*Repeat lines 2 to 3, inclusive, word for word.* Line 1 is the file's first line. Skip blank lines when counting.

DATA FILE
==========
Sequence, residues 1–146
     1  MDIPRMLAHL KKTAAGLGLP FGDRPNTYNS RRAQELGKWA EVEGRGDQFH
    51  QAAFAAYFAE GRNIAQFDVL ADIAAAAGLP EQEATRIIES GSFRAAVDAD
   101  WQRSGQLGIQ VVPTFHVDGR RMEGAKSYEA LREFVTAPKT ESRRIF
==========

     1  MDIPRMLAHL KKTAAGLGLP FGDRPNTYNS RRAQELGKWA EVEGRGDQFH
    51  QAAFAAYFAE GRNIAQFDVL ADIAAAAGLP EQEATRIIES GSFRAAVDAD